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Hoffmann, R. A wiki for the life sciences where authorship matters. Nature Genetics (2008)

Function of Escherichia coli MsbA, an essential ABC family transporter, in lipid A and phospholipid biosynthesis.

The Escherichia coli msbA gene, first identified as a multicopy suppressor of htrB mutations, has been proposed to transport nascent core-lipid A molecules across the inner membrane (Polissi, A., and Georgopoulos, C. (1996) Mol. Microbiol. 20, 1221-1233). msbA is an essential E. coli gene with high sequence similarity to mammalian Mdr proteins and certain types of bacterial ABC transporters. htrB is required for growth above 32 degreesC and encodes the lauroyltransferase that acts after Kdo addition during lipid A biosynthesis (Clementz, T., Bednarski, J., and Raetz, C. R. H. (1996) J. Biol. Chem. 271, 12095-12102). By using a quantitative new 32Pi labeling technique, we demonstrate that hexa-acylated species of lipid A predominate in the outer membranes of wild type E. coli labeled for several generations at 42 degreesC. In contrast, in htrB mutants shifted to 42 degreesC for 3 h, tetra-acylated lipid A species and glycerophospholipids accumulate in the inner membrane. Extra copies of the cloned msbA gene restore the ability of htrB mutants to grow at 42 degreesC, but they do not increase the extent of lipid A acylation. However, a significant fraction of the tetra-acylated lipid A species that accumulate in htrB mutants are transported to the outer membrane in the presence of extra copies of msbA. E. coli strains in which msbA synthesis is selectively shut off at 42 degreesC accumulate hexa-acylated lipid A and glycerophospholipids in their inner membranes. Our results support the view that MsbA plays a role in lipid A and possibly glycerophospholipid transport. The tetra-acylated lipid A precursors that accumulate in htrB mutants may not be transported as efficiently by MsbA as are penta- or hexa-acylated lipid A species.[1]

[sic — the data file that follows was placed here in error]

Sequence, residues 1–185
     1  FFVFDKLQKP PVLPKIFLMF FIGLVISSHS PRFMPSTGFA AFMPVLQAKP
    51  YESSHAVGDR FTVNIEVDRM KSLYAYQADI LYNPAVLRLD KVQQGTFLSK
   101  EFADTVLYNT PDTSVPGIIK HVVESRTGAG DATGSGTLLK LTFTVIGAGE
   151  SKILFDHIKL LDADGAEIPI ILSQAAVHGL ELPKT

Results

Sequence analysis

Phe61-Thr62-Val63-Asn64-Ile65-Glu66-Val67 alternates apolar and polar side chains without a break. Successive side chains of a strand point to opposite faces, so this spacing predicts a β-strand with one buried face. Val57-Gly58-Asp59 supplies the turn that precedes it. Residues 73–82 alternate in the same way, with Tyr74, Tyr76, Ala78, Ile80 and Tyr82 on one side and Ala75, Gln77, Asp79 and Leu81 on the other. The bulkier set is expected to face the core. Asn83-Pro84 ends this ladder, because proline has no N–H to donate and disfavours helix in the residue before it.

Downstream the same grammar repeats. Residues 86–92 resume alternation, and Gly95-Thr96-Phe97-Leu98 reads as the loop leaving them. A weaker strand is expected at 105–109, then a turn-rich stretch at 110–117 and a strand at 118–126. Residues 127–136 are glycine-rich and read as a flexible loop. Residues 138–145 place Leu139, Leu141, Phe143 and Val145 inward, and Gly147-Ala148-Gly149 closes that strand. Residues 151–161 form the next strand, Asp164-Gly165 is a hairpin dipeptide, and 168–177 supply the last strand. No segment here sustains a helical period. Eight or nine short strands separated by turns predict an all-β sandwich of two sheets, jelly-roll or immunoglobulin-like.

1. Function of Escherichia coli MsbA, an essential ABC family transporter, in lipid A and phospholipid biosynthesis. Zhou, Z., White, K.A., Polissi, A., Georgopoulos, C., Raetz, C.R. J. Biol. Chem. (1998) [Pubmed]
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